TAIPEI, Taiwan — China has enraged several neighbors with a few dashes on a map, printed in its newly revised passports that show it staking its claim on the entire South China Sea and even Taiwan.
Inside the passports, an outline of China printed in the upper left corner includes Taiwan and the sea, hemmed in by the dashes. The change highlights China’s longstanding claim on the South China Sea in its entirety, though parts of the waters also are claimed by the Philippines, Vietnam, Taiwan, Brunei and Malaysia.
China’s official maps have long included Taiwan and the South China Sea as Chinese territory, but the act of including them in its passports could be seen as a provocation since it would require other nations to tacitly endorse those claims by affixing their official seals to the documents.
Ruling party and opposition lawmakers alike condemned the map in Taiwan, a self-governed island that split from China after a civil war in 1949. They said it could harm the warming ties the historic rivals have enjoyed since Ma Ying-jeou became president 4 1/2 years ago.
“This is total ignorance of reality and only provokes disputes,” said Taiwan’s Mainland Affairs Council, the Cabinet-level body responsible for ties with Beijing. The council said the government cannot accept the map.
Philippine Foreign Secretary Albert del Rosario said in Manila that he sent a note to the Chinese Embassy that his country “strongly protests” the image. He said China’s claims include an area that is “clearly part of the Philippines’ territory and maritime domain.”
The Vietnamese government said it had also sent a diplomatic note to the Chinese Embassy in Hanoi, demanding that Beijing remove the “erroneous content” printed in the passport.
In Beijing, the Foreign Ministry said the new passport was issued based on international standards. China began issuing new versions of its passports to include electronic chips on May 15, though criticism cropped up only this week.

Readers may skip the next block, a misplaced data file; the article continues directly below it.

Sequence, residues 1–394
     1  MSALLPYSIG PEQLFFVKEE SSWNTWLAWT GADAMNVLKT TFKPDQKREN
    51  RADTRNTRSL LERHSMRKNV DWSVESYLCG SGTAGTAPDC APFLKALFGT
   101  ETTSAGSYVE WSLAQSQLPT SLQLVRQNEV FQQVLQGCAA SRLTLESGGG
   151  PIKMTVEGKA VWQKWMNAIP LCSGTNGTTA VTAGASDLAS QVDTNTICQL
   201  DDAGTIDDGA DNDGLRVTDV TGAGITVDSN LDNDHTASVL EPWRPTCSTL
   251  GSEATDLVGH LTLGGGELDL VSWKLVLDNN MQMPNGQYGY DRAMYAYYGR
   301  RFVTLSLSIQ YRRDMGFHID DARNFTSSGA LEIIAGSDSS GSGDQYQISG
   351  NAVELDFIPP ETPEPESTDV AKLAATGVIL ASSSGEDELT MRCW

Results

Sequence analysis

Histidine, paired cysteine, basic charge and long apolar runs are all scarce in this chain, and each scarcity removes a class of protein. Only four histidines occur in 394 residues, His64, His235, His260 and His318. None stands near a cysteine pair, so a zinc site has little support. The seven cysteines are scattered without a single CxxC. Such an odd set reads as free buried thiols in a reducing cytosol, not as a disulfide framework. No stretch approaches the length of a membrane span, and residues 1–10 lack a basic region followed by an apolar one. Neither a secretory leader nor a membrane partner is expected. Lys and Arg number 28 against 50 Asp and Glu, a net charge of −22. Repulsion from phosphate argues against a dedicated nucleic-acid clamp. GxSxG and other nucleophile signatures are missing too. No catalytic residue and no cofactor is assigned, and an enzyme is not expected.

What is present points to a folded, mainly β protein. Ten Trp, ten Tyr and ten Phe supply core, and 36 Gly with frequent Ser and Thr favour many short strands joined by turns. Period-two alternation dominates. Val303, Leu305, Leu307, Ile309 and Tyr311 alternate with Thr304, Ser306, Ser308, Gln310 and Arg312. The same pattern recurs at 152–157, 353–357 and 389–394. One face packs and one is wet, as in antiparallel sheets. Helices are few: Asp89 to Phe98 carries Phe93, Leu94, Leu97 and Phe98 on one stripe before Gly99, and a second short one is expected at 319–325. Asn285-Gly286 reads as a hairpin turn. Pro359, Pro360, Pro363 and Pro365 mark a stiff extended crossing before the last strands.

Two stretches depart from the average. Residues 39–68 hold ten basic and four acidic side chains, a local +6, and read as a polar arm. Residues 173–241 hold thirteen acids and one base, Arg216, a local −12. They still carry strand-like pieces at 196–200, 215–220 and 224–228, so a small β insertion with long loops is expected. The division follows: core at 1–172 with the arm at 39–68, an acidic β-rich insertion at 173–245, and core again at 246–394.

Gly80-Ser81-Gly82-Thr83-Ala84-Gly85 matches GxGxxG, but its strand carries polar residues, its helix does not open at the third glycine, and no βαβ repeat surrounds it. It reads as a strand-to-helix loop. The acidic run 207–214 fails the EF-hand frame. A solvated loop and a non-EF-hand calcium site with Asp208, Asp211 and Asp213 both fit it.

“The design of this type of passports is not directed against any particular country,” Chinese Foreign Ministry spokeswoman Hua Chunying said Friday. “We hope the relevant countries can calmly treat it with rationality and restraint so that the normal visits by the Chinese and foreigners will not be unnecessarily interfered with.”
It’s unclear whether China’s South China Sea neighbors will respond in any way beyond protesting to Beijing. China, in a territorial dispute with India, once stapled visas into passports to avoid stamping them.
“Vietnam reserves the right to carry out necessary measures suitable to Vietnamese law, international law and practices toward such passports,” Vietnamese foreign ministry spokesman Luong Thanh Nghi said.
Taiwan does not recognize China’s passports in any case; Chinese visitors to the island have special travel documents.
China maintains it has ancient claims to all of the South China Sea, despite much of it being within the exclusive economic zones of Southeast Asian neighbors. The islands and waters are potentially rich in oil and gas.
There are concerns that the disputes could escalate into violence. China and the Philippines had a tense maritime standoff at a shoal west of the main Philippine island of Luzon early this year.
The United States, which has said it takes no sides in the territorial spats but that it considers ensuring safe maritime traffic in the waters to be in its national interest, has backed a call for a “code of conduct” to prevent clashes in the disputed territories. But it remains unclear if and when China will sit down with rival claimants to draft such a legally binding nonaggression pact.
The Philippines, Brunei, Malaysia and Vietnam are scheduled to meet Dec. 12 to discuss claims in the South China Sea and the role of China.